Linoleic acid is the most highly consumed polyunsaturated fatty acid in human diet. A series of strains have been reported for the production of linoleic acid, with greatly varying titers (Lamers et al. 2019; Wu et al. 2021). It has been shown that fine-tuning gene expression is an efficient strategy for pathway optimization. Here, as a case study, the biosynthetic pathway of linoleic acid was optimized using these identified promoters with different strength in R. toruloides. Several engineered strains with improved linoleic acid production were obtained through a combinatorial expression of the pathway genes FAD9 and FAD12 in different media, including the use of corncob hydrolysate in the medium, noticing the practical significances to use lignocellulose hydrolysates owing to their low costs, renewability, and availability (Huang et al. 2012; Yu et al. 2014). After optimization, there is 65.8% increase in the linoleic acid production to 485.23 mg/L, demonstrating the value of fine-tuning gene expression via a promoter library. With the broader dynamic range of our promoter library, it is expected that it would serve as a generally applicable tool for genetic engineering of R. toruloides.
In conclusion, the discovery and application of novel promoters has been explored in many hosts for synthetic biology applications. In this study, we established a library of promoters with a large dynamic range through RNA-seq analysis. After the promoter strength characterization using EGFP as the reporter, 31 promoters were identified with strength varying from 0.1 to 19.0 folds of the commonly used strong promoter PGPD1, which not only doubled the number of existing promoters of R. toruloides but also significantly enlarged the strength span. Subsequently, the identified promoters were applied to optimize the biosynthetic pathway of linoleic acid in different media, and improved the production to varied extent in different media compared with overexpression using the commonly used strong promoter PGPD1. This library of promoters could be useful for metabolic engineering and synthetic biology applications in R. toruloides. The approach we used could also allow for the rapid discovery of endogenous promoters in other non-model organisms.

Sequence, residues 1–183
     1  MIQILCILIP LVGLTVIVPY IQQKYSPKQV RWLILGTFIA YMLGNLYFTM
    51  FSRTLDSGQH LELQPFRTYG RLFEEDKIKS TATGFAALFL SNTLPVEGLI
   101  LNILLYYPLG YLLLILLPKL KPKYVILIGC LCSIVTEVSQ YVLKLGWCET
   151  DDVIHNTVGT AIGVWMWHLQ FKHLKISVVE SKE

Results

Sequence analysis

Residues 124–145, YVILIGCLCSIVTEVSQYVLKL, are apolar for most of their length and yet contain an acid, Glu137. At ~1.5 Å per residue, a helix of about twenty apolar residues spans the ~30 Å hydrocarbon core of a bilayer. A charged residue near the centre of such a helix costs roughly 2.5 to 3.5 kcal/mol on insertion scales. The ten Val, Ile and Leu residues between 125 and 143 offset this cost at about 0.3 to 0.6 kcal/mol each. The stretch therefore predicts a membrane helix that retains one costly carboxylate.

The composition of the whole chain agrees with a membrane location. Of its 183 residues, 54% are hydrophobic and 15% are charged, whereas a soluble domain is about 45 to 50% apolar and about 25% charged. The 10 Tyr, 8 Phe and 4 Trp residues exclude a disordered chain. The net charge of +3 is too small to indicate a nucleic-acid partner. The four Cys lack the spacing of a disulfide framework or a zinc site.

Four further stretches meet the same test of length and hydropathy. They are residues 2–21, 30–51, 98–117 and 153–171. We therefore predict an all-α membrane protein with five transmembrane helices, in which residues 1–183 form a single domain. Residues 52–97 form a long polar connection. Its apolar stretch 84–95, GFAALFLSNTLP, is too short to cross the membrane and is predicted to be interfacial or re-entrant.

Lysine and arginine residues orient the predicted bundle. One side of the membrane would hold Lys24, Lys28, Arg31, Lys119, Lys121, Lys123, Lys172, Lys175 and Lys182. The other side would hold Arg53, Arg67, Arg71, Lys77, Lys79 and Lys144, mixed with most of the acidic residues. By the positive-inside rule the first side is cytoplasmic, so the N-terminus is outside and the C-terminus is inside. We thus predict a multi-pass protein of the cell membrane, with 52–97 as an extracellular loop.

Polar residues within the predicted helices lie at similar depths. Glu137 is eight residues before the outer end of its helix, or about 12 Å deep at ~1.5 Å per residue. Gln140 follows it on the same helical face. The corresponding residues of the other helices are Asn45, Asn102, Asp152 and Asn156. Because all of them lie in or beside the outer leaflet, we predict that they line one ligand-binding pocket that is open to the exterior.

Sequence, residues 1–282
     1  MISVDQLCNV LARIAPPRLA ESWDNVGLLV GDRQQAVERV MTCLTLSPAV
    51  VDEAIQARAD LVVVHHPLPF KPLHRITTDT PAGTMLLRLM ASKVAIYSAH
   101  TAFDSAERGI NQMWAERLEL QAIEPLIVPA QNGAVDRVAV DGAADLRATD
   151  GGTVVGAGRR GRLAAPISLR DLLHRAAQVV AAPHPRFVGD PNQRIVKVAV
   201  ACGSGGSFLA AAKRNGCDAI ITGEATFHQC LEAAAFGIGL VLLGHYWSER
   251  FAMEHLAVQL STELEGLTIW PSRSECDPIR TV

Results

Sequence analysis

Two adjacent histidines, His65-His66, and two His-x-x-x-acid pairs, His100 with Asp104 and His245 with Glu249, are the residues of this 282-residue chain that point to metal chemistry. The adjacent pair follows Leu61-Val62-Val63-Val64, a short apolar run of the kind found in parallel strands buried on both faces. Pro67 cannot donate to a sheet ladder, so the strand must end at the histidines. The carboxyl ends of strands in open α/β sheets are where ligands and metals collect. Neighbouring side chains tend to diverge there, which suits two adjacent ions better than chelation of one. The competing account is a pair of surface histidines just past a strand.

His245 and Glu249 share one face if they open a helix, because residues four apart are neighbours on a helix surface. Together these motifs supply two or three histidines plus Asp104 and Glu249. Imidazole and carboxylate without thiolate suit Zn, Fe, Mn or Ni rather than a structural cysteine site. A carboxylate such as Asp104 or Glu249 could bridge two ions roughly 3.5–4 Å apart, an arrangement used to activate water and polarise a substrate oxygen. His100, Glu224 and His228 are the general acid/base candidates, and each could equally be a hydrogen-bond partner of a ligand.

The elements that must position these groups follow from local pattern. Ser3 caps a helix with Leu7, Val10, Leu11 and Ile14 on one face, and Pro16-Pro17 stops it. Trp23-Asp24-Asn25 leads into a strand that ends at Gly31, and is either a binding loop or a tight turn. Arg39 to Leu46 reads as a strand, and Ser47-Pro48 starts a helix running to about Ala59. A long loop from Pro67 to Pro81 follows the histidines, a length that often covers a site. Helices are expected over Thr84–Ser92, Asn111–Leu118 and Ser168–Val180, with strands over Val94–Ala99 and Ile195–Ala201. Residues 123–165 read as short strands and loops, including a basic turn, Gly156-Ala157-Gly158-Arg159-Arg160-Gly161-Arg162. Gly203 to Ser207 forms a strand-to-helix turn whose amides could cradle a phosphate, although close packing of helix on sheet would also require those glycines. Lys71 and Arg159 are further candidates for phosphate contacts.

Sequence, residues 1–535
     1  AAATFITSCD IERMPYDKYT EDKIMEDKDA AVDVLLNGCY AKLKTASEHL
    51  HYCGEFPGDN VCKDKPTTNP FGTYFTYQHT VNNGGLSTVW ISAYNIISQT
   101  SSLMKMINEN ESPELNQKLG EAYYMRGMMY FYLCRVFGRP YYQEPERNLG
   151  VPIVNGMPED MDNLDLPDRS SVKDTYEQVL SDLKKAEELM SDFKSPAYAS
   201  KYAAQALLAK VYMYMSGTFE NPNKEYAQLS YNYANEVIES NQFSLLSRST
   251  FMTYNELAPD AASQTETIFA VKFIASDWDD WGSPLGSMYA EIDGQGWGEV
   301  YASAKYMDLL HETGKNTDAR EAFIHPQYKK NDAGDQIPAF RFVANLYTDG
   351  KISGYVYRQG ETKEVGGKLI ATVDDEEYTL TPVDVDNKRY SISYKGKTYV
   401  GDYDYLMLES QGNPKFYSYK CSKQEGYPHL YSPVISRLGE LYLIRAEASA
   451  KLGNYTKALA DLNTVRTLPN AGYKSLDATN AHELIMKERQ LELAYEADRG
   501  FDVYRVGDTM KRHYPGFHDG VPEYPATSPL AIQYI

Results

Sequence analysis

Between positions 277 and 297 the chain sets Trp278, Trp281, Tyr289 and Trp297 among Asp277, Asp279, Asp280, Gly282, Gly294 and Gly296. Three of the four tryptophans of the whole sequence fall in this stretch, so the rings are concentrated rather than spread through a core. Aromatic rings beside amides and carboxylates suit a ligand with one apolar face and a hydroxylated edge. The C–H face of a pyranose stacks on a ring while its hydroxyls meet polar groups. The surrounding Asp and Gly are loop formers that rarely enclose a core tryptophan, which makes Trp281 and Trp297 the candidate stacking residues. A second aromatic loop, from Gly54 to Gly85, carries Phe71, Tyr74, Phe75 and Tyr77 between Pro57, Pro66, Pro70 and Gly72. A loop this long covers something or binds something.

Availability of data and materials